Part of the webinar was to showcase the exciting ‘VbE Resilience Survey for Staff’ which has been designed to ‘lift the lid’ on this conversation – to make staff feel valued and to help schools find bespoke solutions for their organisation’s specific context.
Watch this free webinar here.
What shall I be working on for the rest of the year?
Prioritise your own wellbeing
School leaders are not only carrying the burden of pressure on their teaching staff, they are also experiencing high levels of anxiety themselves, particularly at the moment when decisions are so critical to the safety of their school communities.
It is important to reflect on your own wellbeing and whether there is anything you can do to regain a more appropriate work-life balance.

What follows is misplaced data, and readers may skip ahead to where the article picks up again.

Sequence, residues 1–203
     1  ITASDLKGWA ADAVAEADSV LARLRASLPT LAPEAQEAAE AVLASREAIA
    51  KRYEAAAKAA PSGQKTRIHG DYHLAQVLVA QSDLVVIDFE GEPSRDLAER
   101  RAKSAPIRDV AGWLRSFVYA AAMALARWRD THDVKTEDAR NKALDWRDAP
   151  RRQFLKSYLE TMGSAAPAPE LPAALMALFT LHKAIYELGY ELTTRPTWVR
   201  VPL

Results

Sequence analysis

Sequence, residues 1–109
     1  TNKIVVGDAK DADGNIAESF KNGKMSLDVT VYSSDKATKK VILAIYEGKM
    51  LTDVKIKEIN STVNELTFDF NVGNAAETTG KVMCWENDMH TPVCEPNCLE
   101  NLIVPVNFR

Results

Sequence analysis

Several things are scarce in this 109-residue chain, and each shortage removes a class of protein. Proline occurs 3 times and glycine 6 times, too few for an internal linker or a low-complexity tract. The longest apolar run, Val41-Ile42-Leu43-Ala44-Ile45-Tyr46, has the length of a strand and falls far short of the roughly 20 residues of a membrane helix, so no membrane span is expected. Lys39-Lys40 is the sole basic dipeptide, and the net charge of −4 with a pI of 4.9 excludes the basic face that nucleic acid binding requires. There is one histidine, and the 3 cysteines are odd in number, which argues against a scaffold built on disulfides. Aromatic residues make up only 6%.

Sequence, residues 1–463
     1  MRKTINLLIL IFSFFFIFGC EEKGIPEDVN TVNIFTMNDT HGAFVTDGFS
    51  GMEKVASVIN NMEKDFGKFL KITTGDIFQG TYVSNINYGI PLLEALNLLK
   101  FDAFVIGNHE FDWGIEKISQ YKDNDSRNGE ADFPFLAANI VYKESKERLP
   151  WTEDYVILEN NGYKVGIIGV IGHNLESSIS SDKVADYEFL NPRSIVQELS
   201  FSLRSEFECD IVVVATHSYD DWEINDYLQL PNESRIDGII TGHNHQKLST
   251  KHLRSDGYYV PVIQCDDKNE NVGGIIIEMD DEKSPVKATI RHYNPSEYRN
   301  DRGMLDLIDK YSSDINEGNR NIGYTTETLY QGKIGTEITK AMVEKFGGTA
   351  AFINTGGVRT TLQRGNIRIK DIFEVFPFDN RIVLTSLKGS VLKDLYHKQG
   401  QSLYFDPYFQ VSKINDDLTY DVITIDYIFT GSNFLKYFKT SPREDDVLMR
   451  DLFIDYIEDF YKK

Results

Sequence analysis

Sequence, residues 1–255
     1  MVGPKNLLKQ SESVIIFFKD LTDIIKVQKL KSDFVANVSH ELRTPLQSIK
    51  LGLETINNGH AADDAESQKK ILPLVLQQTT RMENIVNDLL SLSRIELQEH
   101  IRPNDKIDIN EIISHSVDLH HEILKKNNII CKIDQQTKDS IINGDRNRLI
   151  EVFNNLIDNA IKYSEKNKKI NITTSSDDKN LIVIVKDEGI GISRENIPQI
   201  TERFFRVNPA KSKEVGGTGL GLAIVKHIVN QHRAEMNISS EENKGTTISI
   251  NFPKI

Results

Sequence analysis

Make a list of what you love
Start by making a list of all the things that make you happy. Then write down all the people that are important to you. Think about how often you see these people and how much time you spend doing the things you love.
Often when we are dealing with high levels of stress in our jobs, we give up the things we love in the belief that the extra time will make us more effective at work. This is rarely the case.
If walking or singing in the choir is on your list, make sure you spend time every week doing these things.
If you realise you have not spoken to your best friends from university for six months, arrange a monthly online pub quiz, book club or wine tasting with them.
The headspace these activities give you will make you much more prepared to deal with the stresses of the school day.
Coaching is not for everyone, but it is certainly very effective for many.